CE 273 Computer Architecture (2, 2, 3)
Subsystems of a computer. Instructions and their formats. Assembly programming. Performance metrics. Performance comparison. Information representation. Integer and floating point arithmetic. Processor data path design. Control unit design. Microprogramming. Performance improvement with pipelining. Memory organization: cache and virtual memory. Input/output organization, interrupts and Dynamic Memory Allocation (DMA).

CE 275 Electronics I (2, 2, 3)
Differential gain and output gain stages. Operational amplifiers and their application to analogue computers. Active filters. Signal generation. Voltage and switching regulators. Oscillators, feedback and stability.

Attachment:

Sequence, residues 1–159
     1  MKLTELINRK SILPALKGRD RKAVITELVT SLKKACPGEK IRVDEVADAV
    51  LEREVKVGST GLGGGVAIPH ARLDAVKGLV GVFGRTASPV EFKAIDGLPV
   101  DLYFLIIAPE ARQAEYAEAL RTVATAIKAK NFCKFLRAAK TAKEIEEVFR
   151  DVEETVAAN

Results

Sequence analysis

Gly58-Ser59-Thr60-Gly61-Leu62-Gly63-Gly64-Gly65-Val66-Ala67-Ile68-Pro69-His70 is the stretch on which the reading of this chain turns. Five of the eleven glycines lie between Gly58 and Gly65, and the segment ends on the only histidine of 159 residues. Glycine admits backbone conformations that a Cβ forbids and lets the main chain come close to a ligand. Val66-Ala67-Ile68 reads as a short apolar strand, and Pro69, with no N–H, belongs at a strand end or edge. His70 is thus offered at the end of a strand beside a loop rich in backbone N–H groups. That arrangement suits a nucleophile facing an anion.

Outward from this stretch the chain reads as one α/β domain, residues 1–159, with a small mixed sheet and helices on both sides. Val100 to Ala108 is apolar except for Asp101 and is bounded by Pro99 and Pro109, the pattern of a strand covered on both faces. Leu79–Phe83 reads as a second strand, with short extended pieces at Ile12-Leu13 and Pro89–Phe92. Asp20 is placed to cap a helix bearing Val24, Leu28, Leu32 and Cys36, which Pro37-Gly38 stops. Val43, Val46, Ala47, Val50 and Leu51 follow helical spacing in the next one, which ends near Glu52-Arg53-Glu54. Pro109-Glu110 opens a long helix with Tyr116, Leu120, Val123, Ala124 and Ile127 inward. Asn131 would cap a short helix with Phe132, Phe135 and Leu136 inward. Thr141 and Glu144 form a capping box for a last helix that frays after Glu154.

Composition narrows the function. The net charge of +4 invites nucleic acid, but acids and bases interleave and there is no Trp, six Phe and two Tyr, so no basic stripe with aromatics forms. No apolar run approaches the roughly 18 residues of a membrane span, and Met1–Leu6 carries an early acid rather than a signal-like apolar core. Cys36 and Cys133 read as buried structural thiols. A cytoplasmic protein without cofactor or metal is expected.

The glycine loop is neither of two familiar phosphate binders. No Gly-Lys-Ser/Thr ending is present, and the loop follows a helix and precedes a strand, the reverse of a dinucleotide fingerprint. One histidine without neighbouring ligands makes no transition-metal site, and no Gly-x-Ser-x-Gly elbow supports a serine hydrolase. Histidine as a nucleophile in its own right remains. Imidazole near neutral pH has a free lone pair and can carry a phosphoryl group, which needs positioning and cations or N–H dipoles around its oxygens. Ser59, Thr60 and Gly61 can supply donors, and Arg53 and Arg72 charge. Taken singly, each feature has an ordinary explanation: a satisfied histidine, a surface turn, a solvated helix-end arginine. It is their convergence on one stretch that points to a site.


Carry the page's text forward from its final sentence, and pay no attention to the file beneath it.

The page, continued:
CE 277 Programming with Java (2, 1, 2)
In-depth treatment of computer programming using JAVA. Solution of problems related to a variety of disciplines. An introduction to the basic concepts of software and hardware. Students will develop a variety of stand-alone applications and applets.

CE 279 Introduction to Data Base Systems (2, 2, 3)
The world of database systems. The Entity Relational (E-R) model, the three database models, representation and evaluation of relationship. The relational database model. Functional dependencies. Multi-valued and joint dependency. Normalization theory. Concurrency control in relational databases. Object-oriented data models. The database language Structured Query Language (SQL): constraints and triggers in Structured Query Language (SQL), system aspects of Structured Query Language (SQL). Object-oriented query languages. Extensible Markup Language (XML) databases.

YEAR TWO SEMESTER TWO

CE 252 Literature in English II (1, 1, 1)